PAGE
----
Photos: Ancient Assassin Flies Trapped in Amber

Ancient Assassin Fly

(Image credit: David Grimaldi)

A scientist at the Smithsonian National Museum of Natural History discovered and named a new 100-million-year-old species of assassin fly, Burmapogon bruckschi, after studying the first two specimens ever preserved in Burmese amber.

Face of Ancient Fly

(Image credit: David Grimaldi)

Scientists examined a male and a female specimen using a microscope. They found several distinct features not seen in modern species of assassin flies, including long flattened antennae and a unique V-shaped eye structure.

Fierce Killers

(Image credit: David Grimaldi)

Assassin flies are named for their fierce predation strategy; they ambush and catch their prey in flight, puncture their armor-like skeleton and inject them with digestive fluids before extracting the nutrients within.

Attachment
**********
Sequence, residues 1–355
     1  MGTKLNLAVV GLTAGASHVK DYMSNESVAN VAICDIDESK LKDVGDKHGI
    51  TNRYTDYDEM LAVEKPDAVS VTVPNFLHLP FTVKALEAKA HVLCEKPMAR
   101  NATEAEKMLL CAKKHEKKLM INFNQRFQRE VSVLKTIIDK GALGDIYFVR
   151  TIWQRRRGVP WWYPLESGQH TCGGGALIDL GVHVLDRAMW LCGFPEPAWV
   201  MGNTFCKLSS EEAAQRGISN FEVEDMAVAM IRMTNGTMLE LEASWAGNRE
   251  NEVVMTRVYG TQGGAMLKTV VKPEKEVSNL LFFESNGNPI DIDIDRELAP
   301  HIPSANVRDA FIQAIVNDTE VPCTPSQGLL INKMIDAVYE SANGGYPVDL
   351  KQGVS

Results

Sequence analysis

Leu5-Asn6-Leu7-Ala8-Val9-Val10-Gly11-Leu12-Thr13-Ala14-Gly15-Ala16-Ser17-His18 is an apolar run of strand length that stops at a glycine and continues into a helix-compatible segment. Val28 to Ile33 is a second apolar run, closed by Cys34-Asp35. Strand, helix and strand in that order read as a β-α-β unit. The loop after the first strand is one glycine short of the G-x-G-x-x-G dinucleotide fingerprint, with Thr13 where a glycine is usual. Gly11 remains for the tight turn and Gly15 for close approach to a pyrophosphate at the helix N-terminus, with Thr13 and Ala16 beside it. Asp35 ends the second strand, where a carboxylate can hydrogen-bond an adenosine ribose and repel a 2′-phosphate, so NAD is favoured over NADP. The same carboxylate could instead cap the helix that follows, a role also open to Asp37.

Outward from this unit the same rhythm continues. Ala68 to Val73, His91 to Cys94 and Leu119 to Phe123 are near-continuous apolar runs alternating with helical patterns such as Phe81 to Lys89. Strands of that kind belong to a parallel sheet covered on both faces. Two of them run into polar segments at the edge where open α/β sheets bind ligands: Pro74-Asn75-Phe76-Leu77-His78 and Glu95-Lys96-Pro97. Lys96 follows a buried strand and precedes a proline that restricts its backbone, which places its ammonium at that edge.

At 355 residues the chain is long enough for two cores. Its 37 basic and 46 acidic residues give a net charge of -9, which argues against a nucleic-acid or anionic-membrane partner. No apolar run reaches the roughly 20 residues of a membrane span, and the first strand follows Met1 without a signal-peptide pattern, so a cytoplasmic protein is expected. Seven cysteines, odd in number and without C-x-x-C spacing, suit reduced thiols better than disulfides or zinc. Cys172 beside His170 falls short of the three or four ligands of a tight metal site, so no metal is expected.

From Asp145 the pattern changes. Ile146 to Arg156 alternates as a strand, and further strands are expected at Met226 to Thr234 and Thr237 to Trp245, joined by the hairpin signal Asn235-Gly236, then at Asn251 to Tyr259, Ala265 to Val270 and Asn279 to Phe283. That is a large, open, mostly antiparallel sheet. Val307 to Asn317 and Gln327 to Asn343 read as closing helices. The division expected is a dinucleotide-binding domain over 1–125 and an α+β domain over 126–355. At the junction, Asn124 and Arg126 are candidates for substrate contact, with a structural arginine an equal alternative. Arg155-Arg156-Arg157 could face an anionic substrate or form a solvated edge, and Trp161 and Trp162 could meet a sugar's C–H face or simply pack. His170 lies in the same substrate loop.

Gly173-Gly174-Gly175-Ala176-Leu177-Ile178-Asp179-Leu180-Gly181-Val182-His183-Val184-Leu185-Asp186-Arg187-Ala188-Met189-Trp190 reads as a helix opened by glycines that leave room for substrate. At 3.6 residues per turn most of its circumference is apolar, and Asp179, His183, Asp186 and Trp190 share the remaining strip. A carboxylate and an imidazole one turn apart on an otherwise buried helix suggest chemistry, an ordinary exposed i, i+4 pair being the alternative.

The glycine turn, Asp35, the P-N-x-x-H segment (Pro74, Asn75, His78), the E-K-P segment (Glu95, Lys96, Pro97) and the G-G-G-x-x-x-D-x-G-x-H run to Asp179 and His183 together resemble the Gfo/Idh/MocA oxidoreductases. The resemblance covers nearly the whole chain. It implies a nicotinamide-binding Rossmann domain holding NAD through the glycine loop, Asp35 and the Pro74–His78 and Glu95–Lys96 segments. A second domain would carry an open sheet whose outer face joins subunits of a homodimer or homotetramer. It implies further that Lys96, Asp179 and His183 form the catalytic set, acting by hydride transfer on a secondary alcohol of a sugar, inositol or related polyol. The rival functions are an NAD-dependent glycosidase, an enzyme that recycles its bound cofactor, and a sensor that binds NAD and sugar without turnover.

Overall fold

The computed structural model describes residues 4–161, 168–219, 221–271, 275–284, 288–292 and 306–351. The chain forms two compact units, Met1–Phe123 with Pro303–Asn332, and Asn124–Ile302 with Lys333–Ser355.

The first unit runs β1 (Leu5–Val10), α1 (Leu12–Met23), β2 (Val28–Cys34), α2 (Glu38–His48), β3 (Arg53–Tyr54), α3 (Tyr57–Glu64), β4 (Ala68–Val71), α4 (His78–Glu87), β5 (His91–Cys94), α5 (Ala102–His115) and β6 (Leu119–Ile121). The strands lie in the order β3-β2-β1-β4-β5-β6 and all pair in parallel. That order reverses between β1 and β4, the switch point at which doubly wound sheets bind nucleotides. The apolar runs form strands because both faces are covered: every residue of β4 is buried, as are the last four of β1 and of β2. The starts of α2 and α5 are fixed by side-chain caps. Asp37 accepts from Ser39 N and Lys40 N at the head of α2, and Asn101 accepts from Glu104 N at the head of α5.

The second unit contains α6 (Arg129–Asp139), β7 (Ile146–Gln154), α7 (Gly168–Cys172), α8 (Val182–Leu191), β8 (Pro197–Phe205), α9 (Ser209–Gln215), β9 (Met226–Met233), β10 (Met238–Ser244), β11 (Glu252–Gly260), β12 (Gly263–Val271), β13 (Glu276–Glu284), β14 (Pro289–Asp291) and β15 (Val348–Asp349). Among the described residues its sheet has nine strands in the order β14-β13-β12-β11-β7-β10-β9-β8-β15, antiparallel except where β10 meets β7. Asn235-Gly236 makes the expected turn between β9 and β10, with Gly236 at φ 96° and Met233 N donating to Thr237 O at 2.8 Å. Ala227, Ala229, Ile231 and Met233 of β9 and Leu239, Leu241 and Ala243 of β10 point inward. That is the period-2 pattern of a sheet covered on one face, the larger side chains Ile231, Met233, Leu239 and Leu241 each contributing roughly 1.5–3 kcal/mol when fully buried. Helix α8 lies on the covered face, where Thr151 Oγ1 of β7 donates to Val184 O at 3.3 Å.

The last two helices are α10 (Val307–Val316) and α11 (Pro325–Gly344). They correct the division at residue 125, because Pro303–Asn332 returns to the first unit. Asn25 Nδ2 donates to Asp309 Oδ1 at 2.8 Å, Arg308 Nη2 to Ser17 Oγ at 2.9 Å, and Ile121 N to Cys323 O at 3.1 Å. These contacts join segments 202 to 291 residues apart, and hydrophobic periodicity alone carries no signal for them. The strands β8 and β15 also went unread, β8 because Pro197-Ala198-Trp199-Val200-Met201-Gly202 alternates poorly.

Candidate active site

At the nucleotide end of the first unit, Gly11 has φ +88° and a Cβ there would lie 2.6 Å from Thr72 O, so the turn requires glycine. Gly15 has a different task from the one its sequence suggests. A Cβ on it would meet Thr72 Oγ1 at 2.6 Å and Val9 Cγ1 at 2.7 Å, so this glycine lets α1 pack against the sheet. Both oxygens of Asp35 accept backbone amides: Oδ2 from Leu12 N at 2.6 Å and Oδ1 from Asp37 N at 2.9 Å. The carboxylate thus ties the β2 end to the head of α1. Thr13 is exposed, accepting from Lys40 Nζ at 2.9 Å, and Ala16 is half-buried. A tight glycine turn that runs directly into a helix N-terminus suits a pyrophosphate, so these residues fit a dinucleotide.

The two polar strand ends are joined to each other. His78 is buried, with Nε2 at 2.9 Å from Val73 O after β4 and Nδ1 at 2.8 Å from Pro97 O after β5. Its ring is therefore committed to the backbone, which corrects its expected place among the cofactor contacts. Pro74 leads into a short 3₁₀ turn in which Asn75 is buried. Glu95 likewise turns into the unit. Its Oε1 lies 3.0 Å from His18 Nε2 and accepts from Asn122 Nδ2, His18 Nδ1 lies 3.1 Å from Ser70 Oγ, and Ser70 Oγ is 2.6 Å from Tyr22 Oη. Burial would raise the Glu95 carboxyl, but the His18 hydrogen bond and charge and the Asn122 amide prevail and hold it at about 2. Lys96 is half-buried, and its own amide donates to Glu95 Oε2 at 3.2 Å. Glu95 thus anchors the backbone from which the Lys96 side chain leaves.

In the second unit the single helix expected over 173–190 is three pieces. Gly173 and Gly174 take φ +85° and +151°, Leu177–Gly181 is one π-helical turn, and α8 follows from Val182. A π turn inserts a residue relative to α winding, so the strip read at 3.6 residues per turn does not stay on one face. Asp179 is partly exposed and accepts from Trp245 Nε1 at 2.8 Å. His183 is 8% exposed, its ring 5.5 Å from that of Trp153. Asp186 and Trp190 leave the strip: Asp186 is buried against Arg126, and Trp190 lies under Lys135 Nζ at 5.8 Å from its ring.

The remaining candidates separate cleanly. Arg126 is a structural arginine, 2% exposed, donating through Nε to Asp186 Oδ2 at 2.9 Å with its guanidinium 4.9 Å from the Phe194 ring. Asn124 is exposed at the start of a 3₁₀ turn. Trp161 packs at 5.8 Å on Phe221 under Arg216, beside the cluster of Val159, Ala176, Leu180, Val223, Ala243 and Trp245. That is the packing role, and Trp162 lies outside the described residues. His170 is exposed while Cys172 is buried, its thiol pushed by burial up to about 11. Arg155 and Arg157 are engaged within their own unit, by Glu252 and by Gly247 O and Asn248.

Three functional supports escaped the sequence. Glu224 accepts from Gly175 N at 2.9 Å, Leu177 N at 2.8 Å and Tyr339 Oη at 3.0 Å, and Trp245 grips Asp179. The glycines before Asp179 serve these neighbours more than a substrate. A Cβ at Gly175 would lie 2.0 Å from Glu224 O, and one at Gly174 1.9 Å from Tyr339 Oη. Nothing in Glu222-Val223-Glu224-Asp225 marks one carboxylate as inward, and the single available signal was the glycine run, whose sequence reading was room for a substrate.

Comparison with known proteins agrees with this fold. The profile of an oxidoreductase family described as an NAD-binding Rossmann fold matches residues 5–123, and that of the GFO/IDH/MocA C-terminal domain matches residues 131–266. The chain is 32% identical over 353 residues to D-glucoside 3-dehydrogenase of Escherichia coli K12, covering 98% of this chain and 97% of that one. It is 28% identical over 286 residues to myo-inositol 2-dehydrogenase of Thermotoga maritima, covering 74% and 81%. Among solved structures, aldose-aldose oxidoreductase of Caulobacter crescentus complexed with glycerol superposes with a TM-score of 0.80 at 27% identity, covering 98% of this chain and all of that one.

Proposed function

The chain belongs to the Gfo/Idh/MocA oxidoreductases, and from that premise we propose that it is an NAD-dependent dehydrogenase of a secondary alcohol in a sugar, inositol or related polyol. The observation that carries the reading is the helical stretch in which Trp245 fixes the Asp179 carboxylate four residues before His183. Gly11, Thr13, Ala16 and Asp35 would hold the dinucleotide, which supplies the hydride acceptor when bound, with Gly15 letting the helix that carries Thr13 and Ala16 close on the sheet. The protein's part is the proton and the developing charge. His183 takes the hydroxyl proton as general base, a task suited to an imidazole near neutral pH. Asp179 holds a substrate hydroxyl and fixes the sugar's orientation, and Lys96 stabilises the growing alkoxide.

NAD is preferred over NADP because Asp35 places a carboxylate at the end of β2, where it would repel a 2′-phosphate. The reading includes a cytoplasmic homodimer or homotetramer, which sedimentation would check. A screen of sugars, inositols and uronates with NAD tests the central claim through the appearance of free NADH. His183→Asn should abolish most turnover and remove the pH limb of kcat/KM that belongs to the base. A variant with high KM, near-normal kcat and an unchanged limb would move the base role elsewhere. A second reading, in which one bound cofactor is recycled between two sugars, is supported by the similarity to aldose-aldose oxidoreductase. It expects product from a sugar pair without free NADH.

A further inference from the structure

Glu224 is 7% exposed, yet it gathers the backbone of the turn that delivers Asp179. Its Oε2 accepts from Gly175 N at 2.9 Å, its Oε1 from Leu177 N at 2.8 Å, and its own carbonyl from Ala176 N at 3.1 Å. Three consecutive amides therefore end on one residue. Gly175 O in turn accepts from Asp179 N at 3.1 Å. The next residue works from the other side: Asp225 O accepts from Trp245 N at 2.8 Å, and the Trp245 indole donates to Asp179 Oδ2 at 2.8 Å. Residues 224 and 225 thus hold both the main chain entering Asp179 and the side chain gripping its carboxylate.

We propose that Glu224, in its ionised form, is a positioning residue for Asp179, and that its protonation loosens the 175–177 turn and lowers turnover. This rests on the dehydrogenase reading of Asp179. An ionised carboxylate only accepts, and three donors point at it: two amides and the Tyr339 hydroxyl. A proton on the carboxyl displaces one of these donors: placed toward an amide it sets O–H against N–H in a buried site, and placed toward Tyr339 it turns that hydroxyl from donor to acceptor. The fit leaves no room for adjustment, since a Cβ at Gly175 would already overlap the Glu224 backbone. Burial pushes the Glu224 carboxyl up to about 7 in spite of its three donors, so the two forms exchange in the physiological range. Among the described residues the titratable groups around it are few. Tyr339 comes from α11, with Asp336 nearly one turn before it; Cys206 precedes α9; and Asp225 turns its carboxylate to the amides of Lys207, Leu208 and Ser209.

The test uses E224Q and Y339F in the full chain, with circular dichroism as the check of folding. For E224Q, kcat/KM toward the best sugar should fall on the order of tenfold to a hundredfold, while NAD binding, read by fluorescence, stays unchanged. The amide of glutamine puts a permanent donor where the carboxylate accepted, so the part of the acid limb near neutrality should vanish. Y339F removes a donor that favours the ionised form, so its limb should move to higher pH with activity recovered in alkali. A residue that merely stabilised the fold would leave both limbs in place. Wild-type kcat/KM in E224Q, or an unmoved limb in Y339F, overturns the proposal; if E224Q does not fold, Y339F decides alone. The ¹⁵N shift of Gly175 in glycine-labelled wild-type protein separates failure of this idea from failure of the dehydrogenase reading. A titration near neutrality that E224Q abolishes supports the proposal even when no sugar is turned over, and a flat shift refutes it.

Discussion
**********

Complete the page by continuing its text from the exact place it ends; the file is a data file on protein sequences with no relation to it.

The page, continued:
Spiny Abs

(Image credit: David Grimaldi)

The female B. bruckschi contained small spines on its abdomen, leading researchers to hypothesize that these insects are most closely related to other assassin fly species that use these spines to dig and deposit their eggs in sandy environments.

Assassin Fly Phylogeny

(Image credit: David Grimaldi)

The newly identified ancient species joins more than 7,500 species of assassin flies that are alive today.

Live Science Contributor
Megan has been writing for Live Science and since 2012. Her interests range from archaeology to space exploration, and she has a bachelor's degree in English and art history from New York University. Megan spent two years as a reporter on the national desk at NewsCore. She has watched dinosaur auctions, witnessed rocket launches, licked ancient pottery sherds in Cyprus and flown in zero gravity. Follow her on Twitter and Google+.